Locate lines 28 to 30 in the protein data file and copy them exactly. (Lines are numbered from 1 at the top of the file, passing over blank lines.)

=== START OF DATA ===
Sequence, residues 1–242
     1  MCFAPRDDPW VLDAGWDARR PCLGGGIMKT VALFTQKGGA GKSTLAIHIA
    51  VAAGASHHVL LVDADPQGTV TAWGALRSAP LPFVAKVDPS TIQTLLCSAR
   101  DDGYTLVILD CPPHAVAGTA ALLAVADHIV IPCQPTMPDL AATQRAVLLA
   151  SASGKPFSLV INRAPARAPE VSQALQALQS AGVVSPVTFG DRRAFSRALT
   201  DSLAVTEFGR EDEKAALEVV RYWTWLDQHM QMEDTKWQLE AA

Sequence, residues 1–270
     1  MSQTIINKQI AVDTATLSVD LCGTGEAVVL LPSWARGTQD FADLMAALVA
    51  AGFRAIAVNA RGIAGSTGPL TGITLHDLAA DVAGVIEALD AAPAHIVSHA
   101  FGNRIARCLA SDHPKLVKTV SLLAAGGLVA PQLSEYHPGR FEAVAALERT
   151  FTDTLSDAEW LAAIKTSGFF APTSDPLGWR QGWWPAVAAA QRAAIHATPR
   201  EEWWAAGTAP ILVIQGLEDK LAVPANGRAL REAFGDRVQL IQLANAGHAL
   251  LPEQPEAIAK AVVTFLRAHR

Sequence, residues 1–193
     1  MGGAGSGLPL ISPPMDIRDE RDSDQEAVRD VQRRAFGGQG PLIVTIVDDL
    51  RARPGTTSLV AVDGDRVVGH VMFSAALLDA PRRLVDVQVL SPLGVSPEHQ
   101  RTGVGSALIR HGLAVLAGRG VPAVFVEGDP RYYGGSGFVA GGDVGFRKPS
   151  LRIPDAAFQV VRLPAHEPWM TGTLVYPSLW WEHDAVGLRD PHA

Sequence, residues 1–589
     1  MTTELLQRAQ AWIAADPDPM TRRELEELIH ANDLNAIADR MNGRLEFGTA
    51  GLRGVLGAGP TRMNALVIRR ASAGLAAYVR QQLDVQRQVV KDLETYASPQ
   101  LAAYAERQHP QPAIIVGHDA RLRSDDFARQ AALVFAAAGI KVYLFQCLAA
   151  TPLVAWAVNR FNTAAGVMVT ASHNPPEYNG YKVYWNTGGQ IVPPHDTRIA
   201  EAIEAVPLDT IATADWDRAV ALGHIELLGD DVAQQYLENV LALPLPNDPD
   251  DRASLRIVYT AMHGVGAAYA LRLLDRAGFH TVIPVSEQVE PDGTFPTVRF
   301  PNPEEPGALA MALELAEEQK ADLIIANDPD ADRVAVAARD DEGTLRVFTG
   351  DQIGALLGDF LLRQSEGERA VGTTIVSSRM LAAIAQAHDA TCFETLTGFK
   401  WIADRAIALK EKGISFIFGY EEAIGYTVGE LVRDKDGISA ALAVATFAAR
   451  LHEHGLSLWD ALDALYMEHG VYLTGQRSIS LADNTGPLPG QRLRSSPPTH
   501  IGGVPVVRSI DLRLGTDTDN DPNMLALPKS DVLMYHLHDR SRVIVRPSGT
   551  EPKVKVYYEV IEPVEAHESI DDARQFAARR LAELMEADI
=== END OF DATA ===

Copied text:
   401  WIADRAIALK EKGISFIFGY EEAIGYTVGE LVRDKDGISA ALAVATFAAR
   451  LHEHGLSLWD ALDALYMEHG VYLTGQRSIS LADNTGPLPG QRLRSSPPTH
   501  IGGVPVVRSI DLRLGTDTDN DPNMLALPKS DVLMYHLHDR SRVIVRPSGT